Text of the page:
all its moods - the impossible shimmering mirror calm and
    the storm-tossed green water surging over the bow. And then
    there will come again a faint whiff of stack gas, a faint
    echo of engine and rudder orders, a vision of the bright
    bunting of signal flags snapping at the yardarm, a refrain
    of hearty laughter in the wardroom and chief's quarters and
    messdecks. Gone ashore for good they will grow wistful about
    their Navy days, when the seas belonged to them and a new
    port of call was ever over the horizon.

    Remembering this, they will stand taller and say,


    Edited by: Misterstan at: 4/12/01 12:04:14 pm

    Posts: 40
    (4/12/01 1:23:08 pm)
    | Del Re: Go Navy!

    Geno G

    Registered User
    Posts: 28
    (4/12/01 9:47:11 pm)
    | Del navy
    Just a random thought.
    My brother, God bless his soul, was a navy man. Proudly served on the carrier the Bennington. How wonderful when late november rolled around and he could cheer for Navy and I for Army on the ol' gridiron!

    Posts: 566
    (4/13/01 3:51:30 pm)
    | Del Re: Go Navy!

    Beautiful post about the NAVY.


    Edited by: oneknight at: 4/13/01 10:36:26 pm

    Posts: 506
    (4/13/01 9:30:50 pm)
    | Del
    Re: Go Navy!
    Thumbs Up Stan!

    The Firearms Forum Vietnam Memories Bulletin Board Contact Administrator

    *Senior Chief Moderator*
    Posts: 172
    (4/14/01 8:10:14 am)
    | Del Re: Go Navy!
    I bet you'd hold it against me if I didn't put in my two cents about the Navy--almost a third of my lifetime I spent with her--used to say bad things about her but these days I can't recall what they were. Stan, would you tell the troops where the term 'Blackshoe' originated? I have been led to believe it had to do with the Marines and the Seabees--the orphan children of the Navy is what the Blackshoes called us.Wilborn sends.

    Posts: 37
    (4/14/01 12:50:10 pm)
    | Del Re: Go Navy!
    Senior Chief,

    You would be surprised what terms we use today that originated with the Navy. Blackshoe is one I have heard, but cannot find without more research. I'll get back to you on that one.

    In the meantime, here are a few interesting ones:

    Why is a ship referred to as "she?"
    It has always been customary to personify certain inanimate objects and attribute to them characteristics peculiar to living creatures. Thus, things without life are often spoken of as having a sex. Some objects are regarded as masculine. The sun, winter, and death are often personified in this way. Others are regarded as feminine, especially those things that are dear to us. The earth as mother Earth is regarded as the common maternal parent of all life. In languages that use gender for common nouns, boats, ships, and other vehicles almost invariably use a feminine form. Likewise, early seafarers spoke of their ships in the feminine gender for the close dependence they had on their ships for life and sustenance.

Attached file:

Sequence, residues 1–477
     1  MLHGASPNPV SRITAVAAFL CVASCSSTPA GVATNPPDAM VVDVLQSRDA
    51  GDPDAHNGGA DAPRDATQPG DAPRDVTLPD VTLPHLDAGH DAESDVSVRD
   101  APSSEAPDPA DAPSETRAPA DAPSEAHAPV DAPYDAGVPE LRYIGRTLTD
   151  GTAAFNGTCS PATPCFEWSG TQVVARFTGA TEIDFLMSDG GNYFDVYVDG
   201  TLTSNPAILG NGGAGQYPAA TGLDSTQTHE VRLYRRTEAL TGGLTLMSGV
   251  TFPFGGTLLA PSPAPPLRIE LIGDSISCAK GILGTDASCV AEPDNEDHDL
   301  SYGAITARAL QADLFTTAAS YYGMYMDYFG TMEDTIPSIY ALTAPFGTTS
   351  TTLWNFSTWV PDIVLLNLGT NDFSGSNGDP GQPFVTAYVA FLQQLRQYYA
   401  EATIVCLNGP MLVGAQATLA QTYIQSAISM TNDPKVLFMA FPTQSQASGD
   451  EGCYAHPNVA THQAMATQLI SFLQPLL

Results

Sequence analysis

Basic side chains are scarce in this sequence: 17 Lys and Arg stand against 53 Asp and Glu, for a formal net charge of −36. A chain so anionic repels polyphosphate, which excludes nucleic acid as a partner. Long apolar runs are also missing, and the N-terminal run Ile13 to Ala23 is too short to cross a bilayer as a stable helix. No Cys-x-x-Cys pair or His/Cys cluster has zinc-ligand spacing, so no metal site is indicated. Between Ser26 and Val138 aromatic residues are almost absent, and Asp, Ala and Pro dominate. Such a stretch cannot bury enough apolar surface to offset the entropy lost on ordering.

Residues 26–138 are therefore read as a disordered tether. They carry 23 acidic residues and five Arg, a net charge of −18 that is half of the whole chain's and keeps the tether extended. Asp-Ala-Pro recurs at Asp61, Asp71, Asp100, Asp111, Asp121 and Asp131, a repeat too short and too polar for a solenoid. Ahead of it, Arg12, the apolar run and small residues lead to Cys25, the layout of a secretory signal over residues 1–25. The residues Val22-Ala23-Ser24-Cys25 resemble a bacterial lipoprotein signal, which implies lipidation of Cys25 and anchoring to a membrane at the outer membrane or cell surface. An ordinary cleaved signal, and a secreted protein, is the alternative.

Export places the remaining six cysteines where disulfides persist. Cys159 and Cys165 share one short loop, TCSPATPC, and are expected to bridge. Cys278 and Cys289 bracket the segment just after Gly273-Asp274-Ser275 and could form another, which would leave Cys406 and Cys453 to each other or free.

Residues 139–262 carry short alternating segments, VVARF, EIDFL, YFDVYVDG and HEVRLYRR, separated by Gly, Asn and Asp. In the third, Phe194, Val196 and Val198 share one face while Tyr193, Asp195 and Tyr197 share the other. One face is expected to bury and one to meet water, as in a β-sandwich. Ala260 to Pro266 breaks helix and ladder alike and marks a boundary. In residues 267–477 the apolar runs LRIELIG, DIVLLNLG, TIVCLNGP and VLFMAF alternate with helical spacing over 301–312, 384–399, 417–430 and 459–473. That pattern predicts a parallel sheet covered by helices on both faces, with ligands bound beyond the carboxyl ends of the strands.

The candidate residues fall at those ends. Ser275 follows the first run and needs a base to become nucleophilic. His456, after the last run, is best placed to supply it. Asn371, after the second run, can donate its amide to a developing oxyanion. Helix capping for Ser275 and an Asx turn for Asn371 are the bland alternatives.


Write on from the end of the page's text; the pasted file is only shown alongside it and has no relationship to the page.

Son of a Gun -
    When in port, and with the crew restricted to the ship for any extended period of time, wives and ladies of easy virtue often were allowed to live aboard along with the crew. Infrequently, but not uncommonly, children were born aboard, and a convenient place for this was between guns on the gun deck. If the child's father was unknown, they were entered in the ship's log as "son of a gun".

    A Square Meal -
    In good weather, crews' mess was a warm meal served on square wooden platters.

    Let the Cat Out of the Bag -
    In the Royal Navy the punishment prescribed for most serious crimes was flogging. This was administered by the Bosun's Mate using a whip called a cat o' nine tails. The "cat" was kept in a leather or baize bag. It was considered bad news indeed when the cat was let out of the bag. Other sources attribute the expression to the old english market scam of selling someone a pig in a poke(bag) when the pig turned out to be a cat instead.

    Start Over with a Clean Slate -
    A slate tablet was kept near the helm on which the watch keeper would record the speeds, distances, headings and tacks during the watch. If there were no problems during the watch, the slate would be wiped clean so that the new watch could start over with a clean slate.

    Give (someone) a Wide Berth -
    To anchor a ship far enough away from another ship so that they did not hit each other when they swung with the wind or tide.

    The Whole Nine Yards -